Canterbury DHB


Pneumocystis Pneumonia

Pneumocystis jiroveci is an opportunistic pathogen whose natural habitat is the lung. See UpToDate website for general information about pneumocystis.

In This Section

Clinical Features



Clinical Features

Symptoms are usually of slow onset over several days or longer (up to eight weeks) and include:

Signs include:


Discuss with Microbiologist/Microbiology Registrar and inform them that these samples are coming as only a limited number of laboratory staff can process them for pneumocystis.


Begin treatment for presumed pneumocystis with trimethoprim + sulfamethoxazole after one induced sputum specimen has been taken. The bronchoscopy is likely to remain positive up to 24 hours after commencing treatment.

Dosing is based on trimethoprim 15 - 20 mg/kg/day in 4 divided doses PO/IV for 14 days. Usually begin with IV infusion.

Note: 1 ampoule = 1 tablet = 80 mg trimethoprim and 400 mg sulfamethoxazole.

For example, for an 80 kg person, give 1200-1600 mg trimethoprim, i.e. 15-20 vials/tablets per day (7200 mg – 9600 mg per day).

For IV, dilute in a smaller volume than recommended in the datasheet. See the Notes on Injectable Drugs Handbook:

Infuse over 1 hour. The IV dose is usually given every 6 hours.

Trimethoprim + sulfamethoxazole is very well absorbed. Patients can be changed to an equivalent oral dose when they begin to improve, or if there are significant issues with IV access.

Oral dosing: round to the nearest tablet (80 mg trimethoprim).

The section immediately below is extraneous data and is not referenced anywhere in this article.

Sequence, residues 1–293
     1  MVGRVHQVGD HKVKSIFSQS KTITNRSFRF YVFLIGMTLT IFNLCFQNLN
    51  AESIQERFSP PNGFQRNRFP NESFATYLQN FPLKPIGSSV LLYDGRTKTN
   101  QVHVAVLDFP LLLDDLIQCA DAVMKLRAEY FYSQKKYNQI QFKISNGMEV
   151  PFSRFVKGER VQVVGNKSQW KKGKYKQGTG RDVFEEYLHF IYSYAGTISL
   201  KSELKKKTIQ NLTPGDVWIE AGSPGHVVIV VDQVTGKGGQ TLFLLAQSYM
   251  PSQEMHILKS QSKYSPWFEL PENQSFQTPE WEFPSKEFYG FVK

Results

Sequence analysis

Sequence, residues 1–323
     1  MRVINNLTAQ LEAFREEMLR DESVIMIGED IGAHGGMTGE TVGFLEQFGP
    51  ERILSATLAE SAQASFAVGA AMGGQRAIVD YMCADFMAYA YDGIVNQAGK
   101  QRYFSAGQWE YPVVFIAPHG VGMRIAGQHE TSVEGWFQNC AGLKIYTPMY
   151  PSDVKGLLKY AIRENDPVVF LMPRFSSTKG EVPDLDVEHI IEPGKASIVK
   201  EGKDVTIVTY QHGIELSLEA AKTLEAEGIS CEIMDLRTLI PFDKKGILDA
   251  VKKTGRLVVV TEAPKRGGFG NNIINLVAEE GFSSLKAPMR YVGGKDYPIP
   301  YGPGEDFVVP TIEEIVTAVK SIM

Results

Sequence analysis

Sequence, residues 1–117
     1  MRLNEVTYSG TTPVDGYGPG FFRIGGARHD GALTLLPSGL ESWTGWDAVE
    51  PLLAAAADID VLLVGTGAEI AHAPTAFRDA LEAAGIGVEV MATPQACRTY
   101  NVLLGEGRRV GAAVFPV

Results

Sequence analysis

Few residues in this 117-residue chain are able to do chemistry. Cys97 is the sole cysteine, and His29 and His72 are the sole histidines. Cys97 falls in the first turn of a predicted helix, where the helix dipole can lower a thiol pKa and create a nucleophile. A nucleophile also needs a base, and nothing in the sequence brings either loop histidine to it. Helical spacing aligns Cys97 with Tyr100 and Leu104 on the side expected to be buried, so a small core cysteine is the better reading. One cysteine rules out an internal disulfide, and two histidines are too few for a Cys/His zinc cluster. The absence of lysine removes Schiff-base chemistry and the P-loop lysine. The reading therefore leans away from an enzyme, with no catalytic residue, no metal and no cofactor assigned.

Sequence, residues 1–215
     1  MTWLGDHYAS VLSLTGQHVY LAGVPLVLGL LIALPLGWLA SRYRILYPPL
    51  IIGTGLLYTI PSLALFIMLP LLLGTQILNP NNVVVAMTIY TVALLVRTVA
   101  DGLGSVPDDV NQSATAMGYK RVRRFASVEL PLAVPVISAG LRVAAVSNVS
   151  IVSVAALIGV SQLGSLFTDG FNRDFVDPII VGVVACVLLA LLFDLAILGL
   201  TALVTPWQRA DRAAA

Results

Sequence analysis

Trimethoprim + sulfamethoxazole inhibits folic acid synthesis. Consider giving folinic acid 15 mg ONCE daily in patients with low platelets and neutrophils.

See the Medsafe website for further details of high dose trimethoprim + sulfamethoxazole treatment, since this drug may have serious dose limiting side effects.

The indication for treatment with prednisone is PaO < 65 mmHg.

Prednisone dose is:

Note: If a definite diagnosis has not been made and the patient is not responding to treatment within 48 hours, consult infectious diseases (bronchoscopy is usually indicated in this situation).

If a rash occurs or if the patient has an allergy to trimethoprim + sulfamethoxazole, consider pentamidine infusion 4 mg/kg per day in 50-250 mL 5% dextrose or 0.9% saline and run over 2 hours. Pentamidine may have serious side effects (hypotension, hypoglycaemia, arrhythmias, pancreatitis, and others) and these need to be reviewed before commencing this drug.

Another option is Clindamycin plus primaquine.

Clindamycin can be dosed either orally 450 mg four times a day or IV 600 mg four times a day.

Primaquine is only oral 30 mg once daily. It should not be used in patients with G6PD deficiency as they may develop a haemolytic anaemia. G6PD deficiency is most common in those of African, African American, Mediterranean, Indian, and Asian origin.

About this Canterbury DHB document (5026):

Document Owner:

Andrew Butler (see Who's Who)

Last Reviewed:

May 2021

Next Review:

May 2023


Note: Only the electronic version is controlled. Once printed, this is no longer a controlled document. Disclaimer

Topic Code: 5026